Most of them turned out to be temporary hideouts for amphipods. One held a baby anemone, so small I needed the microscope to identify it. A few had been colonized by the rose seaweed. And one is home to a curious polychaete.
|Side view, showing his fleshy palps and many tentacles. The shell is about 1 cm across. The worm has made himself a tube for protection.|
Curious critter; if I jostled the shell, or even the tray, he instantly retreated into the shell, but less than a minute later, there he was again, reaching out, casting about, looking this way and that. Curious, or hungry.
|Top view, showing his bristly paddle feet, one pair per body segment. He has four eyes, but in this photo, only two are visible.|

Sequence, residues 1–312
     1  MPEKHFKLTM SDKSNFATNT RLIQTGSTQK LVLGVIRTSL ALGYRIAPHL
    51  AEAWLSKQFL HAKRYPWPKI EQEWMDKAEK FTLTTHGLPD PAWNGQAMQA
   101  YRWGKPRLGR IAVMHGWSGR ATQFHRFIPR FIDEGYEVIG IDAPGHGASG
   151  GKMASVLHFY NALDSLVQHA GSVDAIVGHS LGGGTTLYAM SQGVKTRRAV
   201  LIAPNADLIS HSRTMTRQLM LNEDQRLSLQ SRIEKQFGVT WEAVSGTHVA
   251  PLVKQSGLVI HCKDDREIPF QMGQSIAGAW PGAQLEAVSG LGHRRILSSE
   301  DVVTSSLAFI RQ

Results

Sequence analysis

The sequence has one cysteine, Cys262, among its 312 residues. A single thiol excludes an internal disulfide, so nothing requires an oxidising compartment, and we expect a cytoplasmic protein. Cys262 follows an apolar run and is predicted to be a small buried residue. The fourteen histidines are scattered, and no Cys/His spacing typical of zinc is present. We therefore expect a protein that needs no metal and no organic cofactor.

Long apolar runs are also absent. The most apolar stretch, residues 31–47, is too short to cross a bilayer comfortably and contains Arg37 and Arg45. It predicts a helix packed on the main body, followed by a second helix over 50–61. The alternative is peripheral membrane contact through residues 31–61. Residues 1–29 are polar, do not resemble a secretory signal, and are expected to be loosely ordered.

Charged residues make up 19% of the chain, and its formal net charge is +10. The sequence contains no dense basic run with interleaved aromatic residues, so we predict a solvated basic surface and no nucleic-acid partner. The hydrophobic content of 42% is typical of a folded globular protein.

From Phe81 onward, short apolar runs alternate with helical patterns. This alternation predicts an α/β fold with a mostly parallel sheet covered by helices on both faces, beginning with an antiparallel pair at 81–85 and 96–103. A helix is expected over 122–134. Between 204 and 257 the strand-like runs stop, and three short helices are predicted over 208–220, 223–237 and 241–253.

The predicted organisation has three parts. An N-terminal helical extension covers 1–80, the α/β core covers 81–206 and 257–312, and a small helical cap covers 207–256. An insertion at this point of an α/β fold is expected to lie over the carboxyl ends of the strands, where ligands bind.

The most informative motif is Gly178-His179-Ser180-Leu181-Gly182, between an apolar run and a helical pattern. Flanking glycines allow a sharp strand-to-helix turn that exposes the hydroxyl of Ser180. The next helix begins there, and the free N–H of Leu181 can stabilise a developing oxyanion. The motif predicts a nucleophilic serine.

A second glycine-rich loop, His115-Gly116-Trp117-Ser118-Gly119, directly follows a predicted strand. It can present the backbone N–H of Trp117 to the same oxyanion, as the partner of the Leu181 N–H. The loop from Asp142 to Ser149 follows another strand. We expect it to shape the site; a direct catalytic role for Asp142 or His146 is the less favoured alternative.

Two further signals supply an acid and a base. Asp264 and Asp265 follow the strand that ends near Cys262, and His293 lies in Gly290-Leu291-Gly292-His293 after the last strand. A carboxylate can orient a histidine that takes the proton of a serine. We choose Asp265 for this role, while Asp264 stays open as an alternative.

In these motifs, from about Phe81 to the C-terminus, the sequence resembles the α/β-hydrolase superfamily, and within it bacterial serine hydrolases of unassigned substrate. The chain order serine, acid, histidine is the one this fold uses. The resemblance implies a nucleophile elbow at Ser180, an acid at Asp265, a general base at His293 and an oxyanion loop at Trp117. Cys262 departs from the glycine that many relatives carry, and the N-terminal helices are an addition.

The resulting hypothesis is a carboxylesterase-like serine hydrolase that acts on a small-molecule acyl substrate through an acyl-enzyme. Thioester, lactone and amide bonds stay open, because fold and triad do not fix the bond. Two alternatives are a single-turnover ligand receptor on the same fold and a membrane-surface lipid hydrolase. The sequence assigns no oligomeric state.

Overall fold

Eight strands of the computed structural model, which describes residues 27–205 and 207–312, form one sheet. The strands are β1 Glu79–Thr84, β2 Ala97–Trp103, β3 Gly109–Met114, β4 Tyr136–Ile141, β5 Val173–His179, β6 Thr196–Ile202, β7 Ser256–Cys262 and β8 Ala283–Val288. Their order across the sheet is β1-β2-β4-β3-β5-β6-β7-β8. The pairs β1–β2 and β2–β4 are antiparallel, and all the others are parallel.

Earlier, sifting the sand, I had carefully removed another worm, maybe the same species, but this one is now 6 inches long. They're fragile, out of their protective coverings, so I make sure they're safe before I wash the sand. And then, they're the first critters to be replaced once the tank is clean; within seconds they bury themselves in the sand, not to be seen again until next cleanup.
Little Brother's shell went back into the tank, gently buried under a fingertip's depth of sand. I found two more in the tray; tiny red hairs, identifiable as bristle worms only under the microscope.